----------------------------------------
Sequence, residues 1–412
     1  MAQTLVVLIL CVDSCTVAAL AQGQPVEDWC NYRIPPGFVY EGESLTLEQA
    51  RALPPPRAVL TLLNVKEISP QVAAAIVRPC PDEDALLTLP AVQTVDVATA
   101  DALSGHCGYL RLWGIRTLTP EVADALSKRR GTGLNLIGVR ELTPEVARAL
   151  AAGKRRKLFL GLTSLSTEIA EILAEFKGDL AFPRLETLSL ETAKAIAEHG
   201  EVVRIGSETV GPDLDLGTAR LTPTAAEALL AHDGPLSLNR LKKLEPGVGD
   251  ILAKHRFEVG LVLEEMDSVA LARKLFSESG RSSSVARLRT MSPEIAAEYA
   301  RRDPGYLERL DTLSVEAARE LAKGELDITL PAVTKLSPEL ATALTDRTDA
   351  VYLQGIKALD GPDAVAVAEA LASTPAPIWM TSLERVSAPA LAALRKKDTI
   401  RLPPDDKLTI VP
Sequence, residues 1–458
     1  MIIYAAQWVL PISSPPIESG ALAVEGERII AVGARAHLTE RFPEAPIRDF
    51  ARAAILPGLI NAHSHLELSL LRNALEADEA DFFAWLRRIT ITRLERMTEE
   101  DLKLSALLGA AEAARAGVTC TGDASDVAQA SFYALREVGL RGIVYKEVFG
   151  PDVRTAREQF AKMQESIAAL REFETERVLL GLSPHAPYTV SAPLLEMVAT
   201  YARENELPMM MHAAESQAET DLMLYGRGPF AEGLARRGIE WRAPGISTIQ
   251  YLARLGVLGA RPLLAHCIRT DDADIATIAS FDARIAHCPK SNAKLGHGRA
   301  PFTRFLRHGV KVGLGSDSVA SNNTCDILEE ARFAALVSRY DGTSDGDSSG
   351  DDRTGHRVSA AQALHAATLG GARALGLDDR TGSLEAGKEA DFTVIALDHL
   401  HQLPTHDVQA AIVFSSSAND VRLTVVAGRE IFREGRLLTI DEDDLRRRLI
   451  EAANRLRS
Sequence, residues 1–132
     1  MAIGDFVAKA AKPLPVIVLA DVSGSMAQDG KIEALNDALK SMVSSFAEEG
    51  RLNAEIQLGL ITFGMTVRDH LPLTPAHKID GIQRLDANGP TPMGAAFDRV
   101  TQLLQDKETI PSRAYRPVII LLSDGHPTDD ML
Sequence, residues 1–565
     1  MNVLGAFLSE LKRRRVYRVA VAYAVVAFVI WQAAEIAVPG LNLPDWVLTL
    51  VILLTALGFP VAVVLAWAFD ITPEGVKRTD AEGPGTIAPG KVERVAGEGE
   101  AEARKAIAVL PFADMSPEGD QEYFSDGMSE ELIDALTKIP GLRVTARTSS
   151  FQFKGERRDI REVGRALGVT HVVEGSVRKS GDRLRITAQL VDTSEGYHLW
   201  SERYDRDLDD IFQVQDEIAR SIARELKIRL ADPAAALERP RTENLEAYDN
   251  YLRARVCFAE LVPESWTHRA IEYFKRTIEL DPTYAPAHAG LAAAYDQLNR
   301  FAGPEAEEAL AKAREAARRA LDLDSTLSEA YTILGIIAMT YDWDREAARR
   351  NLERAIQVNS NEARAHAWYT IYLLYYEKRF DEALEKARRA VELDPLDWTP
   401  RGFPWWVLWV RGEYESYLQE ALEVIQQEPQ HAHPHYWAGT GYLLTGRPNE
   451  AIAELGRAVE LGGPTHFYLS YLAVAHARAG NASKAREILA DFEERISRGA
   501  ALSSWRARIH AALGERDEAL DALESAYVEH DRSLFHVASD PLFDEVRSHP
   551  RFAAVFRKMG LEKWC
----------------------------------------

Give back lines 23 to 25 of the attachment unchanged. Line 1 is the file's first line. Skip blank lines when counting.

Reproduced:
     1  MAIGDFVAKA AKPLPVIVLA DVSGSMAQDG KIEALNDALK SMVSSFAEEG
    51  RLNAEIQLGL ITFGMTVRDH LPLTPAHKID GIQRLDANGP TPMGAAFDRV
   101  TQLLQDKETI PSRAYRPVII LLSDGHPTDD ML